After “A Little Life”, Hanya Yanagihara’s great new novel rewrites history
By Hanya Yanagihara
Can an Asian American Woman Write a Great American Novel? Should a great American novel go from New York to Hawaii, skipping the Midwest? Can he go from realism to dystopia? And – most important of all, perhaps – can he focus on gay men?
It is to Hanya Yanagihara’s credit that her new novel raises these questions. At over 700 pages, with a duration of 200 years, “To Paradise” begins in New York in 1893. We are given a patriarch, wealth, children; there is an arranged marriage, an inheritance, true love, a class divide, and a significant twist. Skilfully paced and judiciously detailed, the tale is authentic with the conventions of the nineteenth century novel. But that’s not all. With breathtaking audacity, Yanagihara rewrites America, the Civil War having produced, in this narrative, not a united country but a conglomerate of territories, including one called the Free States. In this nation within the nation, same-sex marriage is allowed – although, to qualify the picture, arranged marriages are also allowed.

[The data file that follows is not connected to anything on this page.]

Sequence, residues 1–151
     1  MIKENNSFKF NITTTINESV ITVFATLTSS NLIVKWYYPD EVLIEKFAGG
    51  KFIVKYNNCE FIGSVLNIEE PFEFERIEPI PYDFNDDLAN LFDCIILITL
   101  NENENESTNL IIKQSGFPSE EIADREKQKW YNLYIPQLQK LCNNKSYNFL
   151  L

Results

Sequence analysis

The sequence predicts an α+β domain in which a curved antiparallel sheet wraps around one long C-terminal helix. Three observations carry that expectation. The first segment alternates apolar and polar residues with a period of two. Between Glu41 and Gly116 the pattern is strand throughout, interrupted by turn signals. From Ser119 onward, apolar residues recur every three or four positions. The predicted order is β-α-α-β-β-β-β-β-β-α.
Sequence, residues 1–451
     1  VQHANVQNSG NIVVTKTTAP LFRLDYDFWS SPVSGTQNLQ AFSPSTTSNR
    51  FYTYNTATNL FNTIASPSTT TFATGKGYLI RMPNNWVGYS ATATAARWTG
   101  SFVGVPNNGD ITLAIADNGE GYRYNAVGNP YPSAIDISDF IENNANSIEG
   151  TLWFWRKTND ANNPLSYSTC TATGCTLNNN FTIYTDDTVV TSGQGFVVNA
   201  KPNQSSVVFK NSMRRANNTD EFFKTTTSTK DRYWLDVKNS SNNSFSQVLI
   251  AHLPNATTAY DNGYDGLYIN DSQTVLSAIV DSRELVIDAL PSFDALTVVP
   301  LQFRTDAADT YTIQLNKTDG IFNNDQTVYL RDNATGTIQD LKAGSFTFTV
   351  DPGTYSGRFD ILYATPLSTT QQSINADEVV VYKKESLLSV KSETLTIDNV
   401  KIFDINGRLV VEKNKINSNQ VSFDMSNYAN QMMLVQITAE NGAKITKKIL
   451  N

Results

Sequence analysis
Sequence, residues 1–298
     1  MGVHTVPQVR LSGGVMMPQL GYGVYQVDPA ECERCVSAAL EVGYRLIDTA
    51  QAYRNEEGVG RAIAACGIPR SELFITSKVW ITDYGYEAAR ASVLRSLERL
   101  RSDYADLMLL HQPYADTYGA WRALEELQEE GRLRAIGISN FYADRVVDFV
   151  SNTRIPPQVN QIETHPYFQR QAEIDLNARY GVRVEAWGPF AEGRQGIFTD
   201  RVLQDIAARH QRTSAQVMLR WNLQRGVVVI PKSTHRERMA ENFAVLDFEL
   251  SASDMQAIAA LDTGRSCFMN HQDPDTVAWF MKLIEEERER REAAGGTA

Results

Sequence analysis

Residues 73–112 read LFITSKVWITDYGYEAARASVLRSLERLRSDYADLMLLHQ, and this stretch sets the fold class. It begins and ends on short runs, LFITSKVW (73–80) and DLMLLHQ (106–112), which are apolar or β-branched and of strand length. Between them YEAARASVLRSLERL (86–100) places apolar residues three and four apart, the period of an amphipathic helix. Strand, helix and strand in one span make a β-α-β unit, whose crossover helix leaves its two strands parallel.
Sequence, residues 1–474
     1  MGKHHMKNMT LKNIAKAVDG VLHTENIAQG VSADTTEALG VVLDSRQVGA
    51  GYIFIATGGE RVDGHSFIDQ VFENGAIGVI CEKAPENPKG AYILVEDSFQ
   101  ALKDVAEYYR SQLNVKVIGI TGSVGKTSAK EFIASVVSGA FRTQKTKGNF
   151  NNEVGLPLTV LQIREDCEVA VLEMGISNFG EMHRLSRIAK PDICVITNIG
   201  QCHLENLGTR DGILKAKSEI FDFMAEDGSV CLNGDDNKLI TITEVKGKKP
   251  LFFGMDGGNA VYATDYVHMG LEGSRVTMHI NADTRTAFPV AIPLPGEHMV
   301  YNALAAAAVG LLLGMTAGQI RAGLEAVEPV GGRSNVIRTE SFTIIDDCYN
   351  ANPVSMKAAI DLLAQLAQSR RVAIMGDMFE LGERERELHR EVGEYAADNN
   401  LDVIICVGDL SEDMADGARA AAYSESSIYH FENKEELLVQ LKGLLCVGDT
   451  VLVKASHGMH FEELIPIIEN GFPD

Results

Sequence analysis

Yanagihara continues to rewrite history in other centuries as well, even as she moves the action from New York to Hawaii and back again, negotiates three major and nine minor time lags, and, most strikingly, brings her characters out of focus. the stage to bring them back, to other times and in other forms, again and again. To give just one of many examples, David Bingham, the heir to a mansion in Part I, returns a century later as a legal assistant, passionately in love with a certain Charles Griffith. (We’ve met Charles before, as an older, unruffled suitor who was rejected by the Part I David Bingham. Now he’s an even older but dashing and worldly partner in David’s cabinet; David, in addition, once fair complexion, is now mixed.)
There are dozens of other reincarnations of this type, and they are both dazzling and disconcerting. If, in a Russian novel, it is difficult to know who is linked to whom, here we have difficulty in knowing who has become who, especially since Yanagihara also masterfully reuses themes, situations and motifs. It is not just arranged marriages and class differences that recur. Pandemics, mansions, triangles, diseases, abandonments, deaths, letters and heirlooms also reappear kaleidoscopically, as do grandfathers, lovers, invalids, guardians, utopians and more. .